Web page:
Maybe, hard to say. RA is a difference maker. Both players can be taken out of their games though (less so Ron after this season, he would take himself out of his game). JO seems to kind of "go away" sometimes. I realize he is being doubled and played physical and probably isn't too happy not getting more calls but this will likely change over the next 9 months as this is really JOs first season as an "elite" type player. He's surpassed a couple of PFs who will not be named and I think he ranks below only Duncan and KG now. The calls will come, he'll be getting Webber type touch calls next season. Anyway, I got a bit sidetracked there. I believe JO has the potential to be a difference maker; but he's somewhat prone to periods of disappearing. This could be for various reasons but he's young and should improve in that area. Then he can become one. Artest needs to keep himself out of trouble and develop a bit more consistency on the offensive end to be one all the time.

ChicagoJ
05-14-2004, 10:08 AM
To answer the question in the title of the thread: yes.

Most, if not all of you, are using a criteria appropriate for a perimeter player.

Take JO's post presence - at both ends of the court - away from the Pacers and they're back to 41-41. That's the real difference between this team and the 2000-01 and 2001-02 teams: JO has grown into a *man* in the paint.

He makes his teammates, and in particular the perimter players, better because of the attention he commands in the post. And he's still young and consciously improving his weakest point - passing out of the double and triple teams and knowing how to read a "swarming" defense like the one Miami is using. Truthfully, he needs a summer with Bill Walton.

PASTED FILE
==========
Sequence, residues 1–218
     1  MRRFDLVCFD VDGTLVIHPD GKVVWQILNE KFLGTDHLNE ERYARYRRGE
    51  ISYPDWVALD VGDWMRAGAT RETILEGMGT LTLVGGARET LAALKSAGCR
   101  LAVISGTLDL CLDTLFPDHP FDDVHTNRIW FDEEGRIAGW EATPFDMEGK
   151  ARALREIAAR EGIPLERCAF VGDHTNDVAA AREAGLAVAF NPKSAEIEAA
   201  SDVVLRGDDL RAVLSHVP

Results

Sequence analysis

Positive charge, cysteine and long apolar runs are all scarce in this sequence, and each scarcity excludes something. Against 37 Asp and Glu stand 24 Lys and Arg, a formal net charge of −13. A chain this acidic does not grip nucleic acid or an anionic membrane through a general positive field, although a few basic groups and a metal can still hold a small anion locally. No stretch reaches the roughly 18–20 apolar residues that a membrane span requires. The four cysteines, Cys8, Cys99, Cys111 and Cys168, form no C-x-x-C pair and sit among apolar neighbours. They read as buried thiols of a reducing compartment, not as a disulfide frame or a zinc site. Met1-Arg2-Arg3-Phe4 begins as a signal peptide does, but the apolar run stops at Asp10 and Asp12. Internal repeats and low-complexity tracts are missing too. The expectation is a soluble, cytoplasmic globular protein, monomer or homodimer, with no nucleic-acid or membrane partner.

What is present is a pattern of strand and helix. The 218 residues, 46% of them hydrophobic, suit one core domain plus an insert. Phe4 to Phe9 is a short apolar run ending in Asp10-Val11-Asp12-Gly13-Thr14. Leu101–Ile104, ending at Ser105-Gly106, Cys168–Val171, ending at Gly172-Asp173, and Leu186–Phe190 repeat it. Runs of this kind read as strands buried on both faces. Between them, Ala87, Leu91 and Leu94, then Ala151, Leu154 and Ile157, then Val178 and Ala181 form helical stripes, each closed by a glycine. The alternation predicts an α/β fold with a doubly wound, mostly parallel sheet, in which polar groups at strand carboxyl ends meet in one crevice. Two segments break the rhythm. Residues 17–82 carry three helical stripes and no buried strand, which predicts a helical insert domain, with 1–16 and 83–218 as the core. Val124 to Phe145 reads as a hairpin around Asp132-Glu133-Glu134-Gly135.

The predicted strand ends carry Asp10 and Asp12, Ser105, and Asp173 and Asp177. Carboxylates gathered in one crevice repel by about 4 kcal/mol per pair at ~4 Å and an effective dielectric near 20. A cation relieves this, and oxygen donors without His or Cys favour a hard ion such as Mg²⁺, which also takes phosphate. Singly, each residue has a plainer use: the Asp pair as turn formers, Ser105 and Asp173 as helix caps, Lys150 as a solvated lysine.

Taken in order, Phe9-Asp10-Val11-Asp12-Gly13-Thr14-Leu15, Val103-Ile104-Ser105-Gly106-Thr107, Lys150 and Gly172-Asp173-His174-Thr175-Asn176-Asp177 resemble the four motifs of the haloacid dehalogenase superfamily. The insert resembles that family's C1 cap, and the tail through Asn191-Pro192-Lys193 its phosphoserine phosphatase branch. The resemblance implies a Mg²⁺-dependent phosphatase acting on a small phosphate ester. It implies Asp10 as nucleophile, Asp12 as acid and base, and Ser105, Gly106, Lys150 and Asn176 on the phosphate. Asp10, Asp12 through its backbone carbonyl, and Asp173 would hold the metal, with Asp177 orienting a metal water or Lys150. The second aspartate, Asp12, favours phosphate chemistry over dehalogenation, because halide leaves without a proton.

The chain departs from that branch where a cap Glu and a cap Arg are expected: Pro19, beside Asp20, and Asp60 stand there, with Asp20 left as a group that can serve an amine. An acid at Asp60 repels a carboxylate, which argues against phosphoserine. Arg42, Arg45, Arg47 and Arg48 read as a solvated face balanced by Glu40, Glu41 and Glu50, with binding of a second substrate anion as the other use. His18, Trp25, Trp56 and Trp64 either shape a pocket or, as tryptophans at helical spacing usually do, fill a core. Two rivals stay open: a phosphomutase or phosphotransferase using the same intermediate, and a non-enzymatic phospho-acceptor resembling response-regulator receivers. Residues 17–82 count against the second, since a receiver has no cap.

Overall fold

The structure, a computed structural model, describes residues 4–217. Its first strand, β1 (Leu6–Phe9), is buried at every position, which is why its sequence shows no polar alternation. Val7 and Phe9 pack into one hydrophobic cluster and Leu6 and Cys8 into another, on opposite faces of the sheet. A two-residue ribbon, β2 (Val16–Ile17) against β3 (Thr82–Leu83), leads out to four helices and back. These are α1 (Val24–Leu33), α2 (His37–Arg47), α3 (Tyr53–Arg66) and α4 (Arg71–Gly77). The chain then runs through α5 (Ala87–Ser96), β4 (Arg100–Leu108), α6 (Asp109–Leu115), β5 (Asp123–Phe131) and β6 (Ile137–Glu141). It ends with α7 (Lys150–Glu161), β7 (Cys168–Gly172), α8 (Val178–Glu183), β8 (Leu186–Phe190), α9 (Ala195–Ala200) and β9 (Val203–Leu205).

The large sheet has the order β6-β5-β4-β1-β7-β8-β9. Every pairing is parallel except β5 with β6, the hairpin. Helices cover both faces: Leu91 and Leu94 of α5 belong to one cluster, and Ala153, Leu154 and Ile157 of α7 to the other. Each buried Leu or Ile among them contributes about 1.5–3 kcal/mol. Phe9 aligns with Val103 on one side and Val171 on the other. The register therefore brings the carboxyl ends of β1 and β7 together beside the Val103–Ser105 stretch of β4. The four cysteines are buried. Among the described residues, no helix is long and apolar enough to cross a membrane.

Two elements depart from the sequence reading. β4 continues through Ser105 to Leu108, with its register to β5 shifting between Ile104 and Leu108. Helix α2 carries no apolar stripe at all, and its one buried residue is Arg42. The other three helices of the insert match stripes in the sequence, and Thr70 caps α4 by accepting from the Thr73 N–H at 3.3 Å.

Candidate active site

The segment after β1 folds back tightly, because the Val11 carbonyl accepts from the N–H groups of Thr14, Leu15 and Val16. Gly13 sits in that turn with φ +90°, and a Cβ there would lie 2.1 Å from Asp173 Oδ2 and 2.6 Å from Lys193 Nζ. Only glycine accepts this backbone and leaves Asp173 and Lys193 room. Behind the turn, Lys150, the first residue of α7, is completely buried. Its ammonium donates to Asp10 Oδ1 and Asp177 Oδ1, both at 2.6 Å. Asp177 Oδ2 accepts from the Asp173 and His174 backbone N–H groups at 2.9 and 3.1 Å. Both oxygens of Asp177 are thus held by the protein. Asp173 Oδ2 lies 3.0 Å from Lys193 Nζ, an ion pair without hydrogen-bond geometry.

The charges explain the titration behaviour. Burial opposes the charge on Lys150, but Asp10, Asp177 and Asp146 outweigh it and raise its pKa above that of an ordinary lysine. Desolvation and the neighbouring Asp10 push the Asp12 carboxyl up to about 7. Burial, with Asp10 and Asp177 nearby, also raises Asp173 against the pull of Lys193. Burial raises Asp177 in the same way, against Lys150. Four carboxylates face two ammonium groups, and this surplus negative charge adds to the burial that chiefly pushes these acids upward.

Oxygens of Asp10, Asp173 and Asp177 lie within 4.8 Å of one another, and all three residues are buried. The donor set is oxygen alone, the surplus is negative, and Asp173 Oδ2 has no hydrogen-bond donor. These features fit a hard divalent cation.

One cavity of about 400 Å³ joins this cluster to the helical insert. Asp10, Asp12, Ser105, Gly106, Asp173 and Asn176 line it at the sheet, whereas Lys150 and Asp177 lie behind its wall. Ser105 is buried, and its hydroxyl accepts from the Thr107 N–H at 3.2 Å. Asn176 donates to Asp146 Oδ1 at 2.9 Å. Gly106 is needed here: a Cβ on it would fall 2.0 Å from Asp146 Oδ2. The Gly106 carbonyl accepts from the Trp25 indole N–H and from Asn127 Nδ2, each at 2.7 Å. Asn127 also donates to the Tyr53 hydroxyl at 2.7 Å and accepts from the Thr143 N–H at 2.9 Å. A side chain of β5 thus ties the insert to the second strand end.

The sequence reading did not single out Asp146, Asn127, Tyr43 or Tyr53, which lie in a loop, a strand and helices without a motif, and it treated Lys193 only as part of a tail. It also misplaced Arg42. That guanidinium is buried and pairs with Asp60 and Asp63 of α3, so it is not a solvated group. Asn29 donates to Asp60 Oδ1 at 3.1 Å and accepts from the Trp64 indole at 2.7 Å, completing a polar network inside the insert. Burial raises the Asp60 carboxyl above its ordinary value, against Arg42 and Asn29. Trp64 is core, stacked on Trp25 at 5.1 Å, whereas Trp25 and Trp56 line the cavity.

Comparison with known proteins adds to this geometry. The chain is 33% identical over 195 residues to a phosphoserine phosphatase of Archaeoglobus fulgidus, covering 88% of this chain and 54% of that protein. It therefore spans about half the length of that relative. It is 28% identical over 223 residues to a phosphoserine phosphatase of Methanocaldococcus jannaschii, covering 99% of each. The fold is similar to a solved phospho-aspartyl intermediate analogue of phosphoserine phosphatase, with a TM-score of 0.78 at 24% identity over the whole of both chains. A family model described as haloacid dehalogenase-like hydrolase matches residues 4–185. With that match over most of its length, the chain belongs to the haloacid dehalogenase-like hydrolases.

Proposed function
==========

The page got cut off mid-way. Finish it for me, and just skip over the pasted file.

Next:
He's the one drawing the double and triple teams. He's the one that the opponent is working overtime to slow down. His presence, and the attention he commands on the inside makes it much easier for our perimeter player (Reggie) and our slashers (Artest, Tinsley, Austin, Freddie) to be effective on offense. At the defensive end, he controls the paint, physically, against just about everyone not named Shaq. His blocked shots are down because he's now the primary post defender. IOW, he's no longer playing 'goalie' like certain, popular defensive specialists (I'm referring to Mutombo, BTW, before any Pistons fans jump all over me.) He should block out better, but hey Shaq and Duncan should improve thier FT shooting, too, so there's no such thing as a 'perfect player'.

If teams play him straight-up, he will flat-out dominate. But its not his fault that some of his teammates appear to go into 'cruise control' when he's dominating. They must still be ready to contribute. Several of our players looked really bad the other night because it was the first time Miami played man-to-man (instead of swarming) all series. Except for Ron, they weren't ready to be guarded 'straight up'.